As I left for work this morning, one of our producers texted to make sure I had my ice skates. No problem! I love assignments that mix work and fun. Lucky for me, by the end of “Good Day Chicago” this morning, I became the first person to skate on the new ice rink outside Wrigley Field!
Posts Tagged ‘News’
Reporting on the streets of Chicago during the winter months can get downright painful. This morning, we had wind chill factors of 21 below so just preparing for work took a lot of pre-planning. I suppose that’s the case for every Chicagoan who needs to get anywhere on days like this. But as a reporter, I often have no idea what I’ll be covering until I call into the Fox Chicago assignment desk. I keep an assortment of hats, gloves and scarves in my work bag and at least two coats in my car. Just about every reporter and anchor in town agrees that appearance is far less of a concern during the winter. Dressing properly for the conditions is a matter of survival!
Depending on the story, it can get tough finding anyone to interview about anything. When it’s this cold, people just want to get where they’re going as quickly as possible. Those who do stop to talk with me tend to make their points quickly and then go on their merry way. There are watery eyes and runny noses along with numb extremities. We get what we need and jump back into the news van.
Thank goodness for my blogging pal Duong Sheahan. The long, down parka I’ve been wearing is hers! She didn’t care for it since it was so much coat to deal with while running her errands. Well, it’s perfect for me since I spend much more time out in the cold.
Frozen equipment is another concern. Sometimes, the mast on the live truck gets frozen into place after we’ve been at a particular scene for a long time. There’s always suspense when we wrap things up on a cold day. But it’s not a problem today and I get back to the studio in time to anchor the news at noon.
Actually, the next hurdle – my hat hair!
The last time I saw Tony Arredia he was Mayor of Des Plaines, a major suburb northwest of Chicago, and we were standing in floodwater as I interviewed him for Fox Chicago. (See that report here.) Tony is one of my favorite news sources. As a journalist, I know the value of networking and maintaining ties with politicians and a whole host of people (though Pat Quinn rarely answers his cell phone anymore since becoming Governor) even if they’re no longer in office.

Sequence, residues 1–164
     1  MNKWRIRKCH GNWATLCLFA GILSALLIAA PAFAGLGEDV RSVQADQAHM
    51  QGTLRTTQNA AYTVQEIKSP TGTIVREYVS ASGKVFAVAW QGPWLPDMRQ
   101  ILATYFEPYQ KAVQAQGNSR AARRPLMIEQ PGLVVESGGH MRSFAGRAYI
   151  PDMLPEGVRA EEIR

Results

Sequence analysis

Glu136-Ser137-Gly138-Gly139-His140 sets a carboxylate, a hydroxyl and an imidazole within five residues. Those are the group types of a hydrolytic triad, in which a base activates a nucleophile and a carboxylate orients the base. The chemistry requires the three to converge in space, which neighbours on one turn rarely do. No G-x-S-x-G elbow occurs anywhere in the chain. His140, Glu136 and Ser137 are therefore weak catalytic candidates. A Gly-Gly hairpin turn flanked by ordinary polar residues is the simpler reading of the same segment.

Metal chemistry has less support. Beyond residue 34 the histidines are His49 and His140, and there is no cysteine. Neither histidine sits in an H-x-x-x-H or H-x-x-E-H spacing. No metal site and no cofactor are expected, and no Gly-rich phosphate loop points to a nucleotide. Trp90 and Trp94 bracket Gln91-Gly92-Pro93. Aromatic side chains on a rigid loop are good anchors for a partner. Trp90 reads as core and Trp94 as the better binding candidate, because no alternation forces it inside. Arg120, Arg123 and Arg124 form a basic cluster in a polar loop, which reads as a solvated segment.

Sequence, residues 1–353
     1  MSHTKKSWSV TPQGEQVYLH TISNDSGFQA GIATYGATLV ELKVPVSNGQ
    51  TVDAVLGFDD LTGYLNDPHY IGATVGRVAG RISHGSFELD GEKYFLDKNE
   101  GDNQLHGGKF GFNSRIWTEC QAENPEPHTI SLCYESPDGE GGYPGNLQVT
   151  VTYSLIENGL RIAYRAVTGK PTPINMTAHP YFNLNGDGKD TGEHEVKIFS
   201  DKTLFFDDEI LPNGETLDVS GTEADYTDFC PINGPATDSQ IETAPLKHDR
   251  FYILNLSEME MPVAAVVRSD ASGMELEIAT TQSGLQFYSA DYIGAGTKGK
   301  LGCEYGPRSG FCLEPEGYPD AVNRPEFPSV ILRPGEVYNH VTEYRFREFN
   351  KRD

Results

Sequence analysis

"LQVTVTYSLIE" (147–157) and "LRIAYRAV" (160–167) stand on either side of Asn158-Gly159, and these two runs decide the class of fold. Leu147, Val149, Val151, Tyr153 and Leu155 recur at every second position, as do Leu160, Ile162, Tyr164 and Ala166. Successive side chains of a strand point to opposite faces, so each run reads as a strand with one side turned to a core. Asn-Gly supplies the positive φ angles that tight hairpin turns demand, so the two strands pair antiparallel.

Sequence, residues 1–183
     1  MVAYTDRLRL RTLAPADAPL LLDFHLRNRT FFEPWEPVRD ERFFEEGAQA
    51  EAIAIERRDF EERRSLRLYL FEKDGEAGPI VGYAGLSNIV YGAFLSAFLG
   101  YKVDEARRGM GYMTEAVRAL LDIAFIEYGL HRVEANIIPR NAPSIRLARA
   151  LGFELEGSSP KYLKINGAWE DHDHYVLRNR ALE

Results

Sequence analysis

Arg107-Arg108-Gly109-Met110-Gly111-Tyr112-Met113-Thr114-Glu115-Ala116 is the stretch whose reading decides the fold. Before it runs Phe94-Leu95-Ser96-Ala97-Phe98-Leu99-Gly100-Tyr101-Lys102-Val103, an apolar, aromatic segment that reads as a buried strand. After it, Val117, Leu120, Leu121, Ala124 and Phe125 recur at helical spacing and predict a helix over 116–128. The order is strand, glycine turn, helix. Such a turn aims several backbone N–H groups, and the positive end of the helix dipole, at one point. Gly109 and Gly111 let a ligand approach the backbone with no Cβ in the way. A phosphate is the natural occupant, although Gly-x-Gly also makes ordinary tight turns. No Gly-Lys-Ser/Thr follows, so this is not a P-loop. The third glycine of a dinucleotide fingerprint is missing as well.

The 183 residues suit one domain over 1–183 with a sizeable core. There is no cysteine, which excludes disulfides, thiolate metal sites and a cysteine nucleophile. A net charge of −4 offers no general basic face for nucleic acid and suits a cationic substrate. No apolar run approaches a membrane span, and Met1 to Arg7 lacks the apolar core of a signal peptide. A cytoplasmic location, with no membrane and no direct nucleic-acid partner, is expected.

I love the story of how Tony wound up settling in Des Plaines. Back in 1963, he and his wife lived in Chinatown – right in the construction path of the Dan Ryan Expressway. So they drove around looking for a new place to call home. They loved a new subdivision to the northwest so planned to bring Tony’s father to see the place. Couldn’t find it. Tony drove into another new subdivision in Des Plaines and declared, “Here it is, Dad.” Today he admits, “I still don’t know where the hell I was when I was looking!”
He went on to become the mayor of Des Plaines for 10 years, stepping down just a few months ago. This guy has not slowed down. I visited him today at the Maryville Academy, which provides a host of services for troubled kids and families. There have been major changes at the academy since a suicide and sexual assault made news 6 years ago.
In his “retirement”, Tony is working as Director of Governmental Development for this cash-strapped agency. Like many others, Maryville has lost a lot of state funding – more than a million dollars – and the outlook is not good for next year.
I got to chat with some of the teenagers today. They are former drug addicts, thieves and thugs. But they are well-spoken and seem to be on new paths. John hopes to become a welder, Joe a fireman and Prince may join the Army. John insists, “This place changes the way you think.”